So honoring the premise of the site I’ll throw out a few things I learned today. Even though I’ve been in development for about a billion years (give or take), I’m still surprised at what I don’t know…or had known and forgotten.
- There’s a really cool Nuget package that builds nuget packages on each build. You might have to read that sentence a few times. Basically you can add it to a class library and every time you build, it creates a NuGet package for you. Pretty slick. https://newnugetpackage.codeplex.com/
- Azure websites don’t support Basic Authentication out of the box. There are good reasons for this…which I had not considered before publishing a little test project. I found this library to assist and will be giving it a spin. https://www.devbridge.com/articles/basic-authentication-for-windows-azure-websites/ If it warrants a blog post on it’s own I’ll let you know.
So anyway…there you go.
In order to build a system that is highly available and scalable we’ll be breaking the system up into sections.
There will be a public MVC App. This is where visitors will browse, search and make purchases.
There will be a seller MVC App. This is where sellers of product will manage: their users, customer service issues, product catalogs and fulfill orders.
There will be an Admin MVC App. This is where Administrators (ShopCore employees) will manage: system settings, new seller invites, customer service.
Controlling Authentication and Authorization will be an Identity Server 3 System. (I’m totally new to this part, so I will probably fail a few times getting this section right).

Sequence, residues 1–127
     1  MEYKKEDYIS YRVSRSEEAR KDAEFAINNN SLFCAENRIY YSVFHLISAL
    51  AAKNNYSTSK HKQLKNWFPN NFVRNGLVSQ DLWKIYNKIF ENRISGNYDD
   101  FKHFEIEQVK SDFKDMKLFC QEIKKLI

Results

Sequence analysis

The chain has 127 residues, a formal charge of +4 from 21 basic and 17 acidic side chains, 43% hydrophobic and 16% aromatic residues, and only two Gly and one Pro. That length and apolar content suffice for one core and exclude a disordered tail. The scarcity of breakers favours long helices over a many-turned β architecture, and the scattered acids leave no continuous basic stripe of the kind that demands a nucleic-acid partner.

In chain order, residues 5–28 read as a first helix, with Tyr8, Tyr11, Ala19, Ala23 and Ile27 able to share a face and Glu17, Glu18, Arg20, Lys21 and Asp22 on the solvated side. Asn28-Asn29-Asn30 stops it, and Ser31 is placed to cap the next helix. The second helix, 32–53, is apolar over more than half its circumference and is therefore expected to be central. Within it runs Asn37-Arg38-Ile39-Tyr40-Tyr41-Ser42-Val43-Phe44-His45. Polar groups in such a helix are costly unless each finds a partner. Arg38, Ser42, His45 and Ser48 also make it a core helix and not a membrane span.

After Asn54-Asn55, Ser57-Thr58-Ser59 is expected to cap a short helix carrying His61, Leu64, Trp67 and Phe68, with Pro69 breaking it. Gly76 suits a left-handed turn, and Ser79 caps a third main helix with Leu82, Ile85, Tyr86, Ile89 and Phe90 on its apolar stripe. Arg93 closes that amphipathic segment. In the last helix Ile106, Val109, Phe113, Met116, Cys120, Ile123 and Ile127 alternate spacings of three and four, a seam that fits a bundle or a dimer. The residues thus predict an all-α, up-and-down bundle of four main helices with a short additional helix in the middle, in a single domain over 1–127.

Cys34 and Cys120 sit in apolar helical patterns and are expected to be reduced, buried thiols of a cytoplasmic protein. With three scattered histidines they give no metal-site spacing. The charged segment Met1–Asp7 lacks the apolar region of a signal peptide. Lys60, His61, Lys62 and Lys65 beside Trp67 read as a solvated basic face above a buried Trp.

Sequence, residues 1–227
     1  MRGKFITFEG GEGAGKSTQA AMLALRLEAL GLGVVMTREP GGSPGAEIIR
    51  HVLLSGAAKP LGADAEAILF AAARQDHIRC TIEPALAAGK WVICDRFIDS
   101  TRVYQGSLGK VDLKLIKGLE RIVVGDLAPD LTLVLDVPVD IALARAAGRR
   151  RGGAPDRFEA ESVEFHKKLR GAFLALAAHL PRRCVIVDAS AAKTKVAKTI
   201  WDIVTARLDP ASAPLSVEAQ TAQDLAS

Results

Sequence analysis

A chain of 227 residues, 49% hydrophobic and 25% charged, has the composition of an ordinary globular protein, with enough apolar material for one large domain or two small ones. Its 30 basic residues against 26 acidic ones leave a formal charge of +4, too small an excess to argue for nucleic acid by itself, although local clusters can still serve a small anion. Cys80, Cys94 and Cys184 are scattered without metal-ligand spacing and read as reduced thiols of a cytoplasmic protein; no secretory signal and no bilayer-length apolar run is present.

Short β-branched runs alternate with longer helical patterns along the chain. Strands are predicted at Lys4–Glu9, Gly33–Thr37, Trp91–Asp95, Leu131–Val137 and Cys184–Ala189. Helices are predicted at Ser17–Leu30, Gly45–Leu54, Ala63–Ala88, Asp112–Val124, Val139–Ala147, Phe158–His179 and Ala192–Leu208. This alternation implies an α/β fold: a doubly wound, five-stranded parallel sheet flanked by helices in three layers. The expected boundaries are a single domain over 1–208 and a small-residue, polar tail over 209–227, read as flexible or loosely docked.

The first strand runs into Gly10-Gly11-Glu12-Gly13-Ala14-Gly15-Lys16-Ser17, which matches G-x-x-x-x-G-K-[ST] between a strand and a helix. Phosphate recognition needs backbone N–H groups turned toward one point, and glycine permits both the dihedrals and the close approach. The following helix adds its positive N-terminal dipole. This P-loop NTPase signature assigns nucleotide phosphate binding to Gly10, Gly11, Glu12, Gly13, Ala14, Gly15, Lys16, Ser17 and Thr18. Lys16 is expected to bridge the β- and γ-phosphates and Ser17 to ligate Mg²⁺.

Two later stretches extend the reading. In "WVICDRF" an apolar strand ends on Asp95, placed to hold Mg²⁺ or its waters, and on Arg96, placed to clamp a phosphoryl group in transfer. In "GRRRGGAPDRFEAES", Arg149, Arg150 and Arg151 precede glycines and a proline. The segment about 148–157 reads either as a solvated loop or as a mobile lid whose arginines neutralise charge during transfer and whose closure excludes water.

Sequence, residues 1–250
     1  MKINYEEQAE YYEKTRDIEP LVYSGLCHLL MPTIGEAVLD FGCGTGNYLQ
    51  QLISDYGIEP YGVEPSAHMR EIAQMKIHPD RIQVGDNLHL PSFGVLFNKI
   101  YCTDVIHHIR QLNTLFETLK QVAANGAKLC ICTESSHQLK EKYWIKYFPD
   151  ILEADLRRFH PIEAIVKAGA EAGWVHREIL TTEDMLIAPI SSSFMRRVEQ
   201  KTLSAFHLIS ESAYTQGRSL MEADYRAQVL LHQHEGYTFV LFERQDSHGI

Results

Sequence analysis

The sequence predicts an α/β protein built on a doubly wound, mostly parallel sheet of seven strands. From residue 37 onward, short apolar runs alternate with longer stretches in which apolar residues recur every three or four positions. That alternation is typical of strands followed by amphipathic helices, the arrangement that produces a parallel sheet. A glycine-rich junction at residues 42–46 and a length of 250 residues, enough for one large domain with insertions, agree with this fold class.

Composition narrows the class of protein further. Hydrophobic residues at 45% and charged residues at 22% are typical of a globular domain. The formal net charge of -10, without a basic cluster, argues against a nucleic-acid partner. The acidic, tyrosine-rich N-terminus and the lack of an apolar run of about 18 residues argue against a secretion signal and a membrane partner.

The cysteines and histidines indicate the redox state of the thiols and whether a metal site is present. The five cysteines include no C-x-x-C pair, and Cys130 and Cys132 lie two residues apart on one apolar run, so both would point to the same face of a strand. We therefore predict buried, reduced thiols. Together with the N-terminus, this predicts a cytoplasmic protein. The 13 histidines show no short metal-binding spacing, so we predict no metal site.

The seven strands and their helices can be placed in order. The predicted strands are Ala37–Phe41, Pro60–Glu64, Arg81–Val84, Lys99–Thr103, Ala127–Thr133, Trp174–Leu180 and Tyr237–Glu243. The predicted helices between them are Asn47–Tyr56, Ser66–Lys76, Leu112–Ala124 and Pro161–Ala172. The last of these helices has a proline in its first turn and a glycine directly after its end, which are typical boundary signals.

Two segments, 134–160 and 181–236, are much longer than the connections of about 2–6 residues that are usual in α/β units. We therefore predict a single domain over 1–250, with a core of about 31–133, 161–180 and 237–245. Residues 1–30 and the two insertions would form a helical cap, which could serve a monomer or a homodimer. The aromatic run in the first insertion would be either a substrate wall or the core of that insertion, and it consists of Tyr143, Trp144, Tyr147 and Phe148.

Below is a crude drawing of my initial thoughts:
If you have any thoughts, I’d love to hear them.
As always you can find the project at: https://github.com/PrintsCharming/ShopCore
After a long dormant period for ObjectHydrator I’m diving back in.
In this new version, the main thing I’m doing is adding .Net Core compatibility. Not really due to demand or anything, but mostly just a learning experience.
I thrashed on converting it for about an hour or so last night before giving up. Turns out I needed a change of venue, I came to the car wash with my laptop and decided to try again. This time I started with the premise of a super simple Class Library to convert.
Viola…I was over thinking it.
This post from Michael Whelan helped me out a ton: http://www.michael-whelan.net/porting-dotnet-framework-library-to-dotnet-core/
Alpha 2 of ObjectHydrator should be done tonight sometime.
Then I just need to figure out what changes will be needed to the unit tests…if any.
Today I learned that you cannot directly reference a .NET Core Class Library from a standard .Net Application…you have to build a nuget package then reference that. This solution is sub-optimal.
Apparently there is tooling in the works for this, but until it’s ready I’ll probably hold off on Alpha 2 until it’s done.
But you can build Alpha 1 from source and it should work nicely in your .Net Core projects.